"The role of affect in the pathogenesis, maintenance, and relapse of autism is unequivocal. “Emotional disturbances” (citation from 1970's) have long been recognized as underlying these disorders, and affect has been implicated in triggering autism (citation from 1982). Social interaction problems and difficulties with verbal and non-verbal communication is understood as the displacement of negative affect. Refusal to show more than a limited interest in activities and play can then be understood as an attempt to render feelings amenable to control and change (citation from 1997). These individuals present with significant impairment in affective functioning. Alexithymia, or the inability to identify and label accurately affective experience, and emotion-processing deficits, characterize the population (citation 1995). A central function of autism can be understood as an attempt to control affect (citations from 2000 and 1998).
In the emotion-focused theory of development, emotions and the manner in which the self organizes to handle them play a central role in the development and organization of the healthy self, and in the development of psychopathology. The theory postulates the development, primarily in the formative years, of implicit emotional meaning structures (citation). The individual is born with an innate capacity for emotional response and experience, and in early interactions these evolve into core emotion schemes. Innate, healthy, adaptive emotions such as fear in response to threat, anger at violation, and sadness at loss, provide crucial information to the individual both in regard to internal experience as well as surroundings. In healthy development, caregivers’ responses to these emotional reactions in the developing child validate the emotion and provide coaching both in paying heed to and in handling the array of emotions the individual will experience. Such accurate “processing” of emotions promotes efficacy and resiliency in dealing with future reactions. The individual learns to flee danger, set boundaries, self-soothe, and seek solace in the presence of the soothing other, as appropriate.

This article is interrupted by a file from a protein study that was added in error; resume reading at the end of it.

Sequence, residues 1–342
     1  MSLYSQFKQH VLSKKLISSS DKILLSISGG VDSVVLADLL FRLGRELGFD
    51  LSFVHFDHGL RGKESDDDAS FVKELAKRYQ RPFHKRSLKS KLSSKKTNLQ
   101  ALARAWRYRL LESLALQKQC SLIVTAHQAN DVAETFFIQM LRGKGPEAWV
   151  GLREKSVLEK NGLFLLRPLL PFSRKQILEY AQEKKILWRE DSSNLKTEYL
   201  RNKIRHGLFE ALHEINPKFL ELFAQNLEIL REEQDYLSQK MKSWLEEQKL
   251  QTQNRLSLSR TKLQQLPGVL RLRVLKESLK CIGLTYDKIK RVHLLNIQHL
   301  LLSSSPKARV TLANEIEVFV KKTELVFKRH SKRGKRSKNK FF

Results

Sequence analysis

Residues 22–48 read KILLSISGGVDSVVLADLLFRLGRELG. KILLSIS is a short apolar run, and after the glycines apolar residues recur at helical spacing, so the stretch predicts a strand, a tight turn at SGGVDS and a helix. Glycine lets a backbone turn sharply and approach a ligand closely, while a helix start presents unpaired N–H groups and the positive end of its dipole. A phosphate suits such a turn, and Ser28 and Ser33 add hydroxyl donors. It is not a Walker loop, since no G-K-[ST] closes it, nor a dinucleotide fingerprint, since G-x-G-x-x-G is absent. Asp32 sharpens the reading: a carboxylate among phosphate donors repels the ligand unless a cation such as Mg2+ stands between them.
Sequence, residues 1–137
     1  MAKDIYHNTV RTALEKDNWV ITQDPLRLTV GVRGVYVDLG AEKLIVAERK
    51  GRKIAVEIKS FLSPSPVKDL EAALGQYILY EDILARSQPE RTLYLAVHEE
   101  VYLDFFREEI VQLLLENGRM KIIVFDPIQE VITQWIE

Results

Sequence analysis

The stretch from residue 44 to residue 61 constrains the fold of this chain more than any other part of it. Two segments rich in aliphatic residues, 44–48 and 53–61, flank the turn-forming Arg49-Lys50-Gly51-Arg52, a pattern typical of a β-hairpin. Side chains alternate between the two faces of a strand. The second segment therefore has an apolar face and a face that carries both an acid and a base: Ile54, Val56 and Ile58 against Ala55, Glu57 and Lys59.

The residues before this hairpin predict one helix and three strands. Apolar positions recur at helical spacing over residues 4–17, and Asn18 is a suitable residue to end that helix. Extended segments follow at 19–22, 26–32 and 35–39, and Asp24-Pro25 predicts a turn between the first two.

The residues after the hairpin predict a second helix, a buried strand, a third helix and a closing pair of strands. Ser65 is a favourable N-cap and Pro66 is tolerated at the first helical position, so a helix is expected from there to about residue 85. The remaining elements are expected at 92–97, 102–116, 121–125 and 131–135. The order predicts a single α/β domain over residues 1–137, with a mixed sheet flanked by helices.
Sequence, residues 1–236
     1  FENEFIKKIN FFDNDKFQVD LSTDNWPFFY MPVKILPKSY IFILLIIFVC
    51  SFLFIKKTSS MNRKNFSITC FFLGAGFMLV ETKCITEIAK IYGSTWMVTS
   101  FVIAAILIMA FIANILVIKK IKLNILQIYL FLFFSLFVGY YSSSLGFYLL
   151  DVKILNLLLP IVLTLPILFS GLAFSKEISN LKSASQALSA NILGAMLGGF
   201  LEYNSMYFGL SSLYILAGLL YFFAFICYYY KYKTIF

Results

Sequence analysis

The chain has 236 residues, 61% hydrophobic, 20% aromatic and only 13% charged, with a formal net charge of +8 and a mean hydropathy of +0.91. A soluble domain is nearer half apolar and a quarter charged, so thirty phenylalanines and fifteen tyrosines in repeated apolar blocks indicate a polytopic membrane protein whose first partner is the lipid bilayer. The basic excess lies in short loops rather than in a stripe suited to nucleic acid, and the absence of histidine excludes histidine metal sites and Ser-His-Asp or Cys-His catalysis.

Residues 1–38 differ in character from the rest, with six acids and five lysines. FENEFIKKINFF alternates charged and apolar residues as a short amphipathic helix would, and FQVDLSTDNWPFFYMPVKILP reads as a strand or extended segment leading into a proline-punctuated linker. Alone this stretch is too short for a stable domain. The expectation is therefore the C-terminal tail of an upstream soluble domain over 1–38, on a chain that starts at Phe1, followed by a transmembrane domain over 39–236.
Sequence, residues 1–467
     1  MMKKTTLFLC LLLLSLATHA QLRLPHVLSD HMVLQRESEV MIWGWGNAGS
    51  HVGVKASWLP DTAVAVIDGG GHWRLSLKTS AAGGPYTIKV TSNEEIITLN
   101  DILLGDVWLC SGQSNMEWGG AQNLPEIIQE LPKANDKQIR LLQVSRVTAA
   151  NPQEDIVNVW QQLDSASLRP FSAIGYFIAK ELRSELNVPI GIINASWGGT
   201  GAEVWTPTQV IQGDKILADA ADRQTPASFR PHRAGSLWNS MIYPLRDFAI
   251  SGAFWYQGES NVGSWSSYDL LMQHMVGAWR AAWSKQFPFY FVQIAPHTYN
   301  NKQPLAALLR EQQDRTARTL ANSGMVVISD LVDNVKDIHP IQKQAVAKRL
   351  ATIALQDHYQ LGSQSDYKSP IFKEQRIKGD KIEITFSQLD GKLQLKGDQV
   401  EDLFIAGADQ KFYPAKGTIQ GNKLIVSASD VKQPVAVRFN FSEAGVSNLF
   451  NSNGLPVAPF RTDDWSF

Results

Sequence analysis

If, however, early experience of emotion is met with less optimal, or problematic, responses from caregivers, this will result in the development of core maladaptive emotion schemes, in contrast to healthy and resilient ones. The developing self will organize to cope, both with the difficult emotion itself and with the inadequacy of the caregiver. A family rule that one must not show anger may result in a core maladaptive emotion scheme by which healthy anger is suppressed. Shaming in response to tears or to reaching out for affection may result in core maladaptive shame, and in a maladaptive emotion scheme by which the individual suppress- es the healthy expression of sadness or the spontaneous yearning for communion with another. The self thus organizes around emotional experience to form core maladaptive emotion schemes that function to manage the difficult feelings. Over time, however, the core maladaptive emotion scheme results in increasing difficulties as the individual attempts to navigate emotionally evocative events including developmental challenges such as reaching adoles- cence, changing schools, or moving house; personal injury such as the loss of a loved one; or trauma such as a sexual assault. The core maladaptive schemes become increasingly inadequate to manage the feelings evoked, and the maladaptive emotions become more difficult to tolerate.
All I have done is alter eating disorders to autism and body image symptoms to those symptoms of autism. The world would be up in arms and condemnation from all sorts of international bodies would be flying left, right and centre.
So why are clinicians still allowed to write this kind of crap today about parents of children with eating disorders?
Shame on you:
Joanne Dolhanty, Ph.D., Leslie S. Greenberg, Ph.D.
Sadly, both clinicians claim that they "do not blame parents", whilst lecturing and selling their "therapy" across the world. Yeah, right. And I am President Obama in disguise.